Ginger is the rhizome of the plant Zingiber officinale, consumed as a delicacy, medicine, or spice. It lends its name to its genus and family (Zingiberaceae).
The traditional medical form of ginger historically was called Jamaica ginger; it was classified as a stimulant and carminative and used frequently for dyspepsia, gastroparesis, slow motility symptoms, constipation, and colic. It was also frequently employed to disguise the taste of medicines.
Tea brewed from ginger is a common folk remedy for colds. Ginger ale and ginger beer are also drunk as stomach settlers in countries where the beverages are made.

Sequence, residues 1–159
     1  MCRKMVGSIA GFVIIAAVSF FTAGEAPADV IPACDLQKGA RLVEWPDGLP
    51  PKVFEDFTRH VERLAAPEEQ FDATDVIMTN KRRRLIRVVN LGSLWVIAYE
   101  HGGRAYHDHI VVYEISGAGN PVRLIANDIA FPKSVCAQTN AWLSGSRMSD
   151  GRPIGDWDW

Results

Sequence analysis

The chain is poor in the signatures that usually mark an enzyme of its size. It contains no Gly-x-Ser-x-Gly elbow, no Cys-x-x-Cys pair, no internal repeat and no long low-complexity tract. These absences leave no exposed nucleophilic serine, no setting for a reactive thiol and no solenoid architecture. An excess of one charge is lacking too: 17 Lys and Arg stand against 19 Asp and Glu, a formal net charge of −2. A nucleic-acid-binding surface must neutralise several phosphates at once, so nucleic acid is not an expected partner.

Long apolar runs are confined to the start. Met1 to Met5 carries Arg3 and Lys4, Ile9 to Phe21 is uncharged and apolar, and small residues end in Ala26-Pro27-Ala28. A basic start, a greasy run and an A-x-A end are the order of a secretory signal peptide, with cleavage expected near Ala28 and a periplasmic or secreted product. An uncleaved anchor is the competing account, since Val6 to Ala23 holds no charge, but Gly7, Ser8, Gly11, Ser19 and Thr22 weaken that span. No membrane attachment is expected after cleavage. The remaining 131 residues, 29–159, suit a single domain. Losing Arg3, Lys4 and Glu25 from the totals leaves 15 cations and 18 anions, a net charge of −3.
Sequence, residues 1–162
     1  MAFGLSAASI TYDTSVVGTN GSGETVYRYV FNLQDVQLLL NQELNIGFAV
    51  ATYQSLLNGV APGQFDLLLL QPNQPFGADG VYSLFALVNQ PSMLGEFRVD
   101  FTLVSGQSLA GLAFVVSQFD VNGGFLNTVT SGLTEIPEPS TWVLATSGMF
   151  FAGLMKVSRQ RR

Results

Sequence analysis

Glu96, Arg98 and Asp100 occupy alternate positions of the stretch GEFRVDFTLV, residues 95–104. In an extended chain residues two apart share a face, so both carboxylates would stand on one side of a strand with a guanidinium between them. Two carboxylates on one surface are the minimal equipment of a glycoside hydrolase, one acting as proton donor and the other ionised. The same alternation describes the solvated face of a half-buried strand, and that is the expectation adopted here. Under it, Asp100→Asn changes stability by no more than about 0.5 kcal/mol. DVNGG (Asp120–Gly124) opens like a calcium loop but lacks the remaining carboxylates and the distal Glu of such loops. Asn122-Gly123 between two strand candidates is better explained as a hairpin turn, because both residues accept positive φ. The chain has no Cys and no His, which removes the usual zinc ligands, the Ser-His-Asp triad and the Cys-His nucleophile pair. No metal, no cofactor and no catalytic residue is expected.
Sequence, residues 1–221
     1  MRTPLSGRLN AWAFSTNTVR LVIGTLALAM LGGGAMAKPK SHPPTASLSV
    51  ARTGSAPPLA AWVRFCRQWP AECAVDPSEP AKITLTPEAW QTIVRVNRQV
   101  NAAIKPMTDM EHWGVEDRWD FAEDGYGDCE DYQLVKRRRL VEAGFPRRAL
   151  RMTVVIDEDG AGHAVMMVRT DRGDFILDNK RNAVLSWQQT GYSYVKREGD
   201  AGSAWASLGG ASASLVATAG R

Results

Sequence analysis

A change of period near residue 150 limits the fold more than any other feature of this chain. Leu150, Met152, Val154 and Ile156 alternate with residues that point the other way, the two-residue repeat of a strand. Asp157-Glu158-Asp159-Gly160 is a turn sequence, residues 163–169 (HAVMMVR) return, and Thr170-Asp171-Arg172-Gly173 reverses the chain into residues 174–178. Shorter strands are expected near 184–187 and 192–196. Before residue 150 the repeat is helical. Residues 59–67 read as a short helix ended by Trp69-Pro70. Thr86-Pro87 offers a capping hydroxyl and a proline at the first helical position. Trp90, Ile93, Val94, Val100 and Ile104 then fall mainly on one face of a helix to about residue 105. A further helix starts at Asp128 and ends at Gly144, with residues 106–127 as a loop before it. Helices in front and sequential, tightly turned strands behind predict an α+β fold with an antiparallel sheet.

In Indonesia, ginger (jahe in Indonesian) is used as a herbal preparation to reduce fatigue, reducing “winds” in the blood, prevent and cure rheumatism and control poor dietary habit
In the United States, ginger is used to prevent motion and morning sickness. It is recognized as safe by the Food and Drug Administration and is sold as an unregulated dietary supplement. Ginger water was also used to avoid heat cramps in the United States.